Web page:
Our guests who purchase the GAP/CO Bike Tour Blueprint receive the following:
Connecting Pittsburgh in Pennsylvania to Cumberland in Maryland, the Great Allegheny Passage stretches for nearly 150 miles through the Appalachian Mountains. The Great Allegheny Passage incorporates defunct corridors of the Baltimore and Ohio Railroad, the Pittsburgh and Lake Erie Railroad, and the Western Maryland Railway
In Cumberland the GAP seamlessly intersects with the C&O Canal Towpath. Hugging the north bank of the Potomac River from Washington, D.C. to Cumberland, the C&O Canal operated from 1831 to 1924. It was used for transportation between the Allegheny Mountains and urban areas of the Chesapeake Bay.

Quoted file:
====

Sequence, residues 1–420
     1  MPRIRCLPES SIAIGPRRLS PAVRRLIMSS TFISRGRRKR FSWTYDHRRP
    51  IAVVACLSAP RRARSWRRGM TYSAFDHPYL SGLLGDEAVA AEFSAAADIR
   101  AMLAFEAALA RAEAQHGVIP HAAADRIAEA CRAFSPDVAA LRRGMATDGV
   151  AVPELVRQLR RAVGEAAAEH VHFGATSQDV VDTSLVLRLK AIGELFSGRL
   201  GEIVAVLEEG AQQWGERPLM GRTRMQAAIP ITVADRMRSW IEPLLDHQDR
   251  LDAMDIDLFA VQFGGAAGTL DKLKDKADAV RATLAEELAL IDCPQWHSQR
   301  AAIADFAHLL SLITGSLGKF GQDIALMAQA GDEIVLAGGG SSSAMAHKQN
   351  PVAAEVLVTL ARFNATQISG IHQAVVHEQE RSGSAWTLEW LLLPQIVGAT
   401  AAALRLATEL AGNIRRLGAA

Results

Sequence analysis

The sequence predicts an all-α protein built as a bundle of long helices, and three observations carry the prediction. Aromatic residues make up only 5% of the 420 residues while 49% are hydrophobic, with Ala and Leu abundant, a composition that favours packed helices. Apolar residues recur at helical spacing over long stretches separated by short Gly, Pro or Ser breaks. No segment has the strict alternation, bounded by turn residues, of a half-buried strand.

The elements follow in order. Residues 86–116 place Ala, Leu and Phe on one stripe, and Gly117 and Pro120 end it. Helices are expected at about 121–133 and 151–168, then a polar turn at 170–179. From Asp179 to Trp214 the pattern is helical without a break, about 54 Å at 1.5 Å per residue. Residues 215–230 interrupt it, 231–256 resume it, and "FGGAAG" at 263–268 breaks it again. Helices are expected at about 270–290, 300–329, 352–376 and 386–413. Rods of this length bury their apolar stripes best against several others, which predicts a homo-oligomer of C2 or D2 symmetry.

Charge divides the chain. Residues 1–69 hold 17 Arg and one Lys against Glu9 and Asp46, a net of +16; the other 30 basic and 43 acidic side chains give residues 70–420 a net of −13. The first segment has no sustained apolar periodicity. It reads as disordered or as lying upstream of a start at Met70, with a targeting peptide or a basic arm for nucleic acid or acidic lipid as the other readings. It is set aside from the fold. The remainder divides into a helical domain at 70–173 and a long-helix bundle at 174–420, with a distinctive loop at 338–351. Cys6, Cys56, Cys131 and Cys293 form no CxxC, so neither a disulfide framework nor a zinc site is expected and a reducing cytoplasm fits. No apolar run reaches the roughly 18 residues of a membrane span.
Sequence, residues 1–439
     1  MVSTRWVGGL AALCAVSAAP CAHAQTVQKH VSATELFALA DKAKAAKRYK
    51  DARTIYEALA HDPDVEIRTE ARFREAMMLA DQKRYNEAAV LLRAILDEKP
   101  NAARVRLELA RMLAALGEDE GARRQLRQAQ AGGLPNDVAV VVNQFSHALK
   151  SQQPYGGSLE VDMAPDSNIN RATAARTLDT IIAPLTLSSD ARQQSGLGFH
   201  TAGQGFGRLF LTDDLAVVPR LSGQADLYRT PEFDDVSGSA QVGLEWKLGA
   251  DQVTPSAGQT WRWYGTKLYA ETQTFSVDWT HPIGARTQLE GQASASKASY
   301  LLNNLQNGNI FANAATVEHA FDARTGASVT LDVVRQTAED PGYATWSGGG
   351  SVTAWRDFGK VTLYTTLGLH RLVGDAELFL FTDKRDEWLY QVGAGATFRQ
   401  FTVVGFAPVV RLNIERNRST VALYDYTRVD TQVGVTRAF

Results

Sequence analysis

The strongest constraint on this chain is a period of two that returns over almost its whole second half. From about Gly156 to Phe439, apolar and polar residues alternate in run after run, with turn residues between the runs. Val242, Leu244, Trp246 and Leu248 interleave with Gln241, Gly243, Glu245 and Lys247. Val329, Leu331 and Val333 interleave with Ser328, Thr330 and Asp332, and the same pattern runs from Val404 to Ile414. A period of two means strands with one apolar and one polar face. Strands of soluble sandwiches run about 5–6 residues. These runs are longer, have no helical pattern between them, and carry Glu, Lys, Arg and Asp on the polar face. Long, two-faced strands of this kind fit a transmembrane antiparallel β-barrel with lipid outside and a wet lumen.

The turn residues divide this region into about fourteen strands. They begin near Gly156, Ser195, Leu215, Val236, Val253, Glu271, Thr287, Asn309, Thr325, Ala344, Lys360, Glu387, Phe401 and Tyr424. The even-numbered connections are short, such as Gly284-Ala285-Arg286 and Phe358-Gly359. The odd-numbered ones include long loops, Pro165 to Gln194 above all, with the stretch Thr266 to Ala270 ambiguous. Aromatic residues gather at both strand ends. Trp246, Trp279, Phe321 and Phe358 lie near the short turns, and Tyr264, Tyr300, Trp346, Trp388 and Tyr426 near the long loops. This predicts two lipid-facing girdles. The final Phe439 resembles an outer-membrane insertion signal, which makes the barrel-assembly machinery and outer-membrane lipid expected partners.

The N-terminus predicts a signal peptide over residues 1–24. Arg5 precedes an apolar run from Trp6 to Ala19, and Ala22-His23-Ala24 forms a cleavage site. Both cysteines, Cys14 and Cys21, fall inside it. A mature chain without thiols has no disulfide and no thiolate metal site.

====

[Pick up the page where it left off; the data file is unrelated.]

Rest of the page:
Today, both trails have an average grade of less than 1%. At the highest point of the trail, you’ll cross the Eastern Continental Divide, after which the trail drops around 1,750 feet over 20 miles before reaching Cumberland.
The C&O Canal Towpath descends around 600 feet from Cumberland to Georgetown in Washington, D.C., with the gradual change in elevation almost indiscernible . Along the C&O, occasional potholes, rocks, and mud can be expected in some sections but conditions are improving dramatically as a major trail resurfacing project is currently underway.
Our GAP/C&O itineraries are designed to give you ample time to take in the sights along the way and experience the region’s natural beauty. Take your time and explore all the trail has to offer or opt to cycle long miles each day and push your limits as you complete the 335-mile trail.
Difficulty: The Great Allegheny Passage/C&O Canal Towpath is rated at medium to hard difficulty. The trail has little daily elevation gain (with the exception of Meyersdale-Cumberland) and the surfaces are fairly well-maintained, although the C&O Towpath can be uneven and slow in sections. Itineraries range from 20-60+ miles/day with options for a wide variety of riders.